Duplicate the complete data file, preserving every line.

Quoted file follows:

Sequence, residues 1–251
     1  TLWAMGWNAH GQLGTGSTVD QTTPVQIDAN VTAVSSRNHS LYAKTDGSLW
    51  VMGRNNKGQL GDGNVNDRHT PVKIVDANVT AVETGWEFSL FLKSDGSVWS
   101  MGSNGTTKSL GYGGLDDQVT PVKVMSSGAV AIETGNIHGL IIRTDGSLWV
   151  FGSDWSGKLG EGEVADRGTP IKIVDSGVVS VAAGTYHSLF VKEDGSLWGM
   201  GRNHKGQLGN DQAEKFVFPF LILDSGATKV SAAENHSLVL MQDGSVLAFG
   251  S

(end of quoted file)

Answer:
Sequence, residues 1–251
     1  TLWAMGWNAH GQLGTGSTVD QTTPVQIDAN VTAVSSRNHS LYAKTDGSLW
    51  VMGRNNKGQL GDGNVNDRHT PVKIVDANVT AVETGWEFSL FLKSDGSVWS
   101  MGSNGTTKSL GYGGLDDQVT PVKVMSSGAV AIETGNIHGL IIRTDGSLWV
   151  FGSDWSGKLG EGEVADRGTP IKIVDSGVVS VAAGTYHSLF VKEDGSLWGM
   201  GRNHKGQLGN DQAEKFVFPF LILDSGATKV SAAENHSLVL MQDGSVLAFG
   251  S